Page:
Oh yeah, sorry about this, but here's another ye olde walk from my inaugural May madness this year. For the punter who's just arrived here, I went slightly mental doing day walks during May and racked up a few million, which I still haven't written about. Should I jot them all down? Probably not, as I've got a five day hike coming up, which will probably be dissected here before these May affairs.
Anyway, as I seem to be revisiting last autumn a fair bit, I thought I'd be clever and start the post with a quote about the month of May. You know, part inspirational, part wankeral. I wanted something where you'd sit back on your Chesterfield, one hand on your chin and the other in your trousers, as you stared out into space, pondering the wise quote about May I'd written.
Guess what? I eagerly Googled, 'quotes about May' and I was instantly whisked to a website, which had over 40 pages of May quotes. There I was, saying to myself, 'Why is the month of May so popular for quotes? This is amazing! So many choices!!'. Oh, until I looked and found out these acres of quotes weren't about the month at all, but rather, the word 'may' was included in them. Ha! Stooged!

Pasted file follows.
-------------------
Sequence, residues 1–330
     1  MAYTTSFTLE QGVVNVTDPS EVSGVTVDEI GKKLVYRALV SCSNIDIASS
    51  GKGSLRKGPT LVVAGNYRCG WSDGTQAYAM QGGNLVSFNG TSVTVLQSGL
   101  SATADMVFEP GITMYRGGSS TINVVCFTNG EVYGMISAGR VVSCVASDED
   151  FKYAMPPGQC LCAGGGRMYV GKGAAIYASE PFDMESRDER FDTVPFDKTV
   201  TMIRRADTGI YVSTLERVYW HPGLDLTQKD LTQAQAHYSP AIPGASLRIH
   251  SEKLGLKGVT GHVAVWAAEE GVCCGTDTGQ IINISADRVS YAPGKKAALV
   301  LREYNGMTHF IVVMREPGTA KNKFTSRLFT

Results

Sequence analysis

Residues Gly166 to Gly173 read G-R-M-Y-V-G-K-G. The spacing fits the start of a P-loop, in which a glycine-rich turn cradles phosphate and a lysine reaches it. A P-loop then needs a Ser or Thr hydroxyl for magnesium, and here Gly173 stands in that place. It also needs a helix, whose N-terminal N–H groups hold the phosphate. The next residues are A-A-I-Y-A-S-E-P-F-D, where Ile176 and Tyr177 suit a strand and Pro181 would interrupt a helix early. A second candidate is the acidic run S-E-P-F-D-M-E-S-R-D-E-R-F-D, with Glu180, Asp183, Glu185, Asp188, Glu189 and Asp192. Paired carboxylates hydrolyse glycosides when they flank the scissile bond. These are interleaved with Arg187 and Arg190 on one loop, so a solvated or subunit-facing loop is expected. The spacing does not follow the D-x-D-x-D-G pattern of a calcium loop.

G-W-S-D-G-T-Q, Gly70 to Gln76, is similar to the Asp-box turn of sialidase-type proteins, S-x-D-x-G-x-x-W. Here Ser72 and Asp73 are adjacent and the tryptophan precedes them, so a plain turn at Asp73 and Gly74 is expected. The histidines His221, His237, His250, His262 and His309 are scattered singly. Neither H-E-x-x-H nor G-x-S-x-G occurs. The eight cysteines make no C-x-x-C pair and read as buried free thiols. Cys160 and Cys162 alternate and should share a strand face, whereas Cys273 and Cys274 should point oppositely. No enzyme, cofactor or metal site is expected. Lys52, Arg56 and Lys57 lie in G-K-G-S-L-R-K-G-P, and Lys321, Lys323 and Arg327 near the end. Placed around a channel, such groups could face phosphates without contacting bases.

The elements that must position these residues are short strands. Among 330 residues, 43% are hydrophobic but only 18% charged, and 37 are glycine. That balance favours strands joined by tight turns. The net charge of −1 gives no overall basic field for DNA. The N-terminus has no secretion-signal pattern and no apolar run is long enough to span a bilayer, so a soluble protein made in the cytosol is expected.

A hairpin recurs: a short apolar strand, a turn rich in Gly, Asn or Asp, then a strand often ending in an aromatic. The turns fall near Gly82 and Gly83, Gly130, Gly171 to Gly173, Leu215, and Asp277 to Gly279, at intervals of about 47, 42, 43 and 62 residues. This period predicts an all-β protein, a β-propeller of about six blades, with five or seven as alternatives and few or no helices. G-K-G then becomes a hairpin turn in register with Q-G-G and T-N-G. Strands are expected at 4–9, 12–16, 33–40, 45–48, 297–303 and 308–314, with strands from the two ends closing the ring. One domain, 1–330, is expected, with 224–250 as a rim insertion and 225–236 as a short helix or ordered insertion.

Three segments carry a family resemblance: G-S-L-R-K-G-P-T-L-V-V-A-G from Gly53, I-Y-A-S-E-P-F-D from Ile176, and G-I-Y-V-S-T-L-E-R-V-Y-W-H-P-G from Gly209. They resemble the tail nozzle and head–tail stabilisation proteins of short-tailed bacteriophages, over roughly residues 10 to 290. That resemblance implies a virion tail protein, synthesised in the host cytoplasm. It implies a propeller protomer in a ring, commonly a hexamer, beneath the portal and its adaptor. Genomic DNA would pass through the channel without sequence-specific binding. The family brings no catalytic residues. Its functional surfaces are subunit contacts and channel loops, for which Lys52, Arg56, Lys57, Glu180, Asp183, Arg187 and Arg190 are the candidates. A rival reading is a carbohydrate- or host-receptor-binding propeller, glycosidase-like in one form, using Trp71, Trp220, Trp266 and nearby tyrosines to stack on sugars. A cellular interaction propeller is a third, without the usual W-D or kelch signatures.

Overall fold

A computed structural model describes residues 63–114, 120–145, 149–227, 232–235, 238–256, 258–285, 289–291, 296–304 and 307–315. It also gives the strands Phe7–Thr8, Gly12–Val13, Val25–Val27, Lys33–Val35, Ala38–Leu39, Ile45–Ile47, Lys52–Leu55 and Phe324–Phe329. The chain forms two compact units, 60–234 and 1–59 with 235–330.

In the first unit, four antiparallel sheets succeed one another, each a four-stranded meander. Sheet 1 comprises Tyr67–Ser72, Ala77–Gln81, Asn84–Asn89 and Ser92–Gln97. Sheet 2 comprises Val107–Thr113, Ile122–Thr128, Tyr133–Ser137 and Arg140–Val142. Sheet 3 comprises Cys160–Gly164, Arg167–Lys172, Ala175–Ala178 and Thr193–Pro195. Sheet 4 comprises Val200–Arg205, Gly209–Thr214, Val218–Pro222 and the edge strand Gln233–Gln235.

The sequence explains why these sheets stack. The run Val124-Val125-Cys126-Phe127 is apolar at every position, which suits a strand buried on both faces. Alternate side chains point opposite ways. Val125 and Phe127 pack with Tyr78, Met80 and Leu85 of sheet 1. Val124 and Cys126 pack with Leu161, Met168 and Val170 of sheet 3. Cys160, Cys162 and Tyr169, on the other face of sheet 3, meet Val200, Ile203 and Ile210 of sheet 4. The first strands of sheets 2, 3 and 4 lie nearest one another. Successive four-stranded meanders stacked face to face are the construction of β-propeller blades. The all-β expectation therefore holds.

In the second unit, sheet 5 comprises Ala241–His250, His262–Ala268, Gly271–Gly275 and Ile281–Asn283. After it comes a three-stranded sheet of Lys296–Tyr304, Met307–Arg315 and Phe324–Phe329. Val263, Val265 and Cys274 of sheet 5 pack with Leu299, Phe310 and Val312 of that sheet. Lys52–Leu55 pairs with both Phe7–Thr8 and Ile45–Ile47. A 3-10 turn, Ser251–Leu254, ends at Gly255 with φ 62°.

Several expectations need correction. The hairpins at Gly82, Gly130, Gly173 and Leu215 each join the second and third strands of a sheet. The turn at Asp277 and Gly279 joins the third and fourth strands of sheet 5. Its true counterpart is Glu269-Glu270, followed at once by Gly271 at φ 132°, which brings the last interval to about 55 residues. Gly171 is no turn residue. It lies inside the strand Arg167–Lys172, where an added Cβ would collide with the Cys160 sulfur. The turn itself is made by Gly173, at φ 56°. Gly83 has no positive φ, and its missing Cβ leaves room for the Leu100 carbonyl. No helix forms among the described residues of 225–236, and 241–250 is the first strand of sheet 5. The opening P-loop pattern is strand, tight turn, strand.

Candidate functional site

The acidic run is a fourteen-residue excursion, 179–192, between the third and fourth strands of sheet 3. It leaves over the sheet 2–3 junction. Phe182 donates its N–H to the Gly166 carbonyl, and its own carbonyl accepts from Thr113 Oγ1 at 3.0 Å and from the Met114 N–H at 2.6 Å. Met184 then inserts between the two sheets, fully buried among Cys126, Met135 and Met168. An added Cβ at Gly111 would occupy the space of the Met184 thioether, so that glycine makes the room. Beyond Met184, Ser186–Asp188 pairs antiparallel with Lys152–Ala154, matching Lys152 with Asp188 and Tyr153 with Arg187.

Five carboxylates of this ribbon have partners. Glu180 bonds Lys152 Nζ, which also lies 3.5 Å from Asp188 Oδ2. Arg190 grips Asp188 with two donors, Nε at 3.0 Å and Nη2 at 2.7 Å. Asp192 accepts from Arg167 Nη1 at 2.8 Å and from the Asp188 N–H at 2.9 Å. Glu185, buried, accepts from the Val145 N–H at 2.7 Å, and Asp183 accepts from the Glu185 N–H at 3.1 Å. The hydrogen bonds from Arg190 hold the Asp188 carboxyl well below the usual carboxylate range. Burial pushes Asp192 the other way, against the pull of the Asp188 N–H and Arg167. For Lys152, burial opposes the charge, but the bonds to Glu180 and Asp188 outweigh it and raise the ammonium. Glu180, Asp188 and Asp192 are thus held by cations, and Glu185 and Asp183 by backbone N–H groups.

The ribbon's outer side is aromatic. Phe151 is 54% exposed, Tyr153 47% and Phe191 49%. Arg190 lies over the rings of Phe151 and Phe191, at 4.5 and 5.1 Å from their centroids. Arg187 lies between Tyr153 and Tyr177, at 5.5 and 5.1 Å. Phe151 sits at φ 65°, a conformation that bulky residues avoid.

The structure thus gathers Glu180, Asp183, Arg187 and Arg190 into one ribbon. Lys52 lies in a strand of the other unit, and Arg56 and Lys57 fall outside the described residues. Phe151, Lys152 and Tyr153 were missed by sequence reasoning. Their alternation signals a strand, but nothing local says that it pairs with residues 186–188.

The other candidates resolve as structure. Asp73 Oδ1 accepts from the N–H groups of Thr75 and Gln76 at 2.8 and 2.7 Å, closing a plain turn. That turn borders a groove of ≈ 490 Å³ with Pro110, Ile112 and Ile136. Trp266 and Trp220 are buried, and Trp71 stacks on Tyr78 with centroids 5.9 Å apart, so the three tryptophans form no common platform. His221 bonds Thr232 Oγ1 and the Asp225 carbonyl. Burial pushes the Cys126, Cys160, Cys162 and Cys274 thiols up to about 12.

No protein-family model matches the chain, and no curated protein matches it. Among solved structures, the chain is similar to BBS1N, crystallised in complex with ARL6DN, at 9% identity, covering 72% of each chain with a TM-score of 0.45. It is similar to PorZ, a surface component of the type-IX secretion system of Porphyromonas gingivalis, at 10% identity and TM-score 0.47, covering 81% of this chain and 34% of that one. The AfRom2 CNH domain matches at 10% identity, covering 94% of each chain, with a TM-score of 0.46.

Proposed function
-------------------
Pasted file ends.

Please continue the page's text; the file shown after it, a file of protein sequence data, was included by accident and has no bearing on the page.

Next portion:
Okay, I didn't exactly get what I was after, but I must admit, I've just lost 20 minutes of my life reading these 'may' quotes. Scrolling through, I endured the standard dreamy, mystical stuff, before suddenly coming across one by Jimmy Hoffa. Huh? My favourite missing person has a quote? What could it be?? Fasten your seat belts, as here it comes...
'I may have many faults, but being wrong ain't one of them' - Jimmy Hoffa.
Hang on, was he taking the piss? Never being wrong in his life? Ever? Damn, I'm wrong every day. I mean, last night, I didn't need to eat the entire family block of chocolate in one hit, did I? A couple of squares could have sufficed?
Actually, come to think of it, I'm a little suspicious of his '100% never wrong' lifestyle. To me, the whole aspect of going to a restaurant to meet blokes from the Mafia, who have then knocked him off, sounds like a bit of a wrong decision. Well, that's me anyway. Maybe you think Jimmy had quite a nice day out instead?
Right, this walk. I really don't have to tell you where it's from, do I? As per usual, it's one of GT's and I found it in his 'Victoria's Goldfield Walks'. I think I've given him more free publicity than anyone could ever want? At about 20 km, it was longish, but overall, it didn't sound too hard. As long as I got an early start. Which I didn't. I noticed the first photo I took for the day was at 12.31 pm, so it was another day of being on the go. Oh well...
The beginning of the walk was at Sailors Falls and I'd never been there before. A waterfall is always a nice way to start a stroll and I was quite keen to step out the car and immediately see plummeting water. Except it really couldn't be drier. Mm... The simple job description of a waterfall is water, which is falling and without it, it's just not the same. I stared at the rocky wall and was so unenthused, I snapped a photo without even looking through the viewfinder. It was a picture by the numbers and is possibly one of the dullest I've ever posted. Be careful when perusing, as I don't want you slipping into a coma at this early stage.